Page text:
"Lastochka" train turned out to be slower than a school bus. The 42-kilometers ride from Olympic Park to Krasnaya Polyana took an hour. My patience didn't last long, and so I switched to a shuttle buss instead. I must say that all public transportation was free!
The weather was surprisingly nice. When I stepped outside in the morning after my arrival to Sochi, I realized that I would be watching the Winter Games in a t-shirt... Well, to be completely honest, it was chilly in a shade, especially in the mountains.
There were nightly live music concerts by the fountain at the Medal Plaza — a nice bonus to daytime activities. I listened to Stas Namin and "Tsvety", but missed "Bi-2" because of the ice-skating competition; I also missed "Mumiy Troll" concert because of the USA-vs-Canada game.
Lesson learned! I should have focused on one competition a day. Otherwise you get overwhelmed by emotions and don't have enough time to rest. Having no idea about that simple rule, I purchased my tickets in advance planning to be at the competition, in the mountains, and by the sea during one day.
What about photography? I had no time for that — I had to cheer for the athletes! In your opinion, what is better: to watch Lipnitskaya's dance through a viewfinder of your camera or with your own eyes? Wrong answer! The viewfinder is better as it works as a perfect binocular.
There was a lot of sponsors, and yet not enough of them. However they did their best to entertain the crowd. (I say "a lot" because it seemed like their booths were everywhere; and I say "not enough" because each booth had a ridiculously long line).
Here are some examples: Sberbank offered rock-climbing experience; Megafon created huge instant 3D portraits; and Omega spoiled the crowd with a bobsleigh simulator.
There were several things that puzzled me in Sochi. One was the Amusement Park near the "rainbow trails" closed for no apparent reason; and another one was the path to the city beach. Despite of the fact that the seashore was just over the wall, one would have to go all the way through the Olympics' ground in order to get there, which usually took about an hour.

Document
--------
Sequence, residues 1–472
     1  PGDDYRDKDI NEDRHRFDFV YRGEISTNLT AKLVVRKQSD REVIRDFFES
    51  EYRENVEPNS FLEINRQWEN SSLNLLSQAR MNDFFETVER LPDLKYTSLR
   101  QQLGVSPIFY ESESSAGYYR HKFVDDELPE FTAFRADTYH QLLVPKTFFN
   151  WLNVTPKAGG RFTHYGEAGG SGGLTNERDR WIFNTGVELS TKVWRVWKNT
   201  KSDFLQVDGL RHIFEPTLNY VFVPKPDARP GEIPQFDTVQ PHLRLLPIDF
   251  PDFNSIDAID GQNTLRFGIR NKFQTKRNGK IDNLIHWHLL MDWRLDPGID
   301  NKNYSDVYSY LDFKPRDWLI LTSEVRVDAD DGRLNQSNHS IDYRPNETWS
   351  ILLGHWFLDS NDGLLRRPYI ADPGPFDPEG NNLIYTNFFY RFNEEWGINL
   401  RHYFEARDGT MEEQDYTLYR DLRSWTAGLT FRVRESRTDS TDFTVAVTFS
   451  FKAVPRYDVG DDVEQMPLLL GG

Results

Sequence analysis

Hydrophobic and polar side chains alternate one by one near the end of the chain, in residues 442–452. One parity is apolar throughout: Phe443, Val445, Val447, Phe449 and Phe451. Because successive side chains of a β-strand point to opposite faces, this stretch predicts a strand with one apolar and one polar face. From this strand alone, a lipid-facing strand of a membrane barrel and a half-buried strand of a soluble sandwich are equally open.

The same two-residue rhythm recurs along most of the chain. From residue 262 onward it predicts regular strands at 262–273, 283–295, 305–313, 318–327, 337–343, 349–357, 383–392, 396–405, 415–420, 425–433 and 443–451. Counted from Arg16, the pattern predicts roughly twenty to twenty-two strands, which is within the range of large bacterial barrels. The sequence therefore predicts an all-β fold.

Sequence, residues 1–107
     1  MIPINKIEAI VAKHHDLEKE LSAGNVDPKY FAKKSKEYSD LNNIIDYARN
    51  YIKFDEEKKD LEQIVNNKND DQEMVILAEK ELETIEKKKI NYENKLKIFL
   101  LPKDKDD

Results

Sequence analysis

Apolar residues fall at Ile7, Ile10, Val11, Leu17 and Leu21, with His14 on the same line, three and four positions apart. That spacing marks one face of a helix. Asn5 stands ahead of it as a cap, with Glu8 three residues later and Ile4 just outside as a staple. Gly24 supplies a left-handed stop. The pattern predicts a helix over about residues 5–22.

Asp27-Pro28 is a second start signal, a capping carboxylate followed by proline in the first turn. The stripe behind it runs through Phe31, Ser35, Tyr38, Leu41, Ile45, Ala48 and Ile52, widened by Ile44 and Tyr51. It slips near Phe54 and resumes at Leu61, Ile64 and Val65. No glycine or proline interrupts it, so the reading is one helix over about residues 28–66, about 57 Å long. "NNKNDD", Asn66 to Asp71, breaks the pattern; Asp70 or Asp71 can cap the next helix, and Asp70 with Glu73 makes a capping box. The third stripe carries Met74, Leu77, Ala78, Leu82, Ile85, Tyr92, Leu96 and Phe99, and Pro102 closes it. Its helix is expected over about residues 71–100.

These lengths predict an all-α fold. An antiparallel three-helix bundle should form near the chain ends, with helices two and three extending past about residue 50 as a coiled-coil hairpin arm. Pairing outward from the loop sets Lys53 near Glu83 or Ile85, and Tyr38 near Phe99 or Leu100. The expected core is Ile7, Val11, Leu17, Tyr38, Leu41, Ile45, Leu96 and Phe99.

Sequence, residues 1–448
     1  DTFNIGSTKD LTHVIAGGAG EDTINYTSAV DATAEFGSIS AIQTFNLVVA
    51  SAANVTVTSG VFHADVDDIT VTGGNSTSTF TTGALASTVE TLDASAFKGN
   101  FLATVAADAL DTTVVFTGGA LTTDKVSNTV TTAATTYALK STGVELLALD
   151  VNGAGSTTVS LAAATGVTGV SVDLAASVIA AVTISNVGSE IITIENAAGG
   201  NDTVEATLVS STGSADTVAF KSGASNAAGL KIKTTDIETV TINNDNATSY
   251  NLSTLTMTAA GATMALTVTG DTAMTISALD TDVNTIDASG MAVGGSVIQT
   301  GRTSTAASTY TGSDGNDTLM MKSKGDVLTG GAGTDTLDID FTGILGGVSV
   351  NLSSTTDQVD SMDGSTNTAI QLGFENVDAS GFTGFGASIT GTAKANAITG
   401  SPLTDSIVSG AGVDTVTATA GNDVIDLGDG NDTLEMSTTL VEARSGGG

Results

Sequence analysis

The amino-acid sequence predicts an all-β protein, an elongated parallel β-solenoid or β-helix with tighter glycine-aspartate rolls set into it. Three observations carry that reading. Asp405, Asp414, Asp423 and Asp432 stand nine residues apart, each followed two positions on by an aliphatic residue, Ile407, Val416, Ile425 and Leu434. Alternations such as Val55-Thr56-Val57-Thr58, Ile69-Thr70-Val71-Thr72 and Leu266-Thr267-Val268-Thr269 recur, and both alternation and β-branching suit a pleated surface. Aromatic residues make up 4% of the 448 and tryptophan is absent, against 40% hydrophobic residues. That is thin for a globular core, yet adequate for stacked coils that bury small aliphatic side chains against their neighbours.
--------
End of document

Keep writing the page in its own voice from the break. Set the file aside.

Yes, I know I'm lucky. During the last day of the Games I was fortunate to see the Final games, the Closing Ceremony, and to take lots of pictures. If not for the strict regulations, I would have taken much more various photos. Next time we will start working on a proper accreditation far in advance. Two years before the event for sure! By the way, does anyone know where we should apply for a photo permit for the 2014 Formula 1, and for the 2018 Soccer World Cup?
Going to the Olympics was definitely worth the efforts. It was a beautiful, festive, and loud event. Walking the city streets, listening live music at the Medal Plaza, witnessing an award ceremony, and watching Canadians bit Americans on the Main arena — the experience was priceless. I saw with my own eyes a Russian-American snowboarder struggling for Gold when Russian team finally reached the top of the medal chart... Being surrounded by thousands of fans cheering "Russia!" was unforgettable!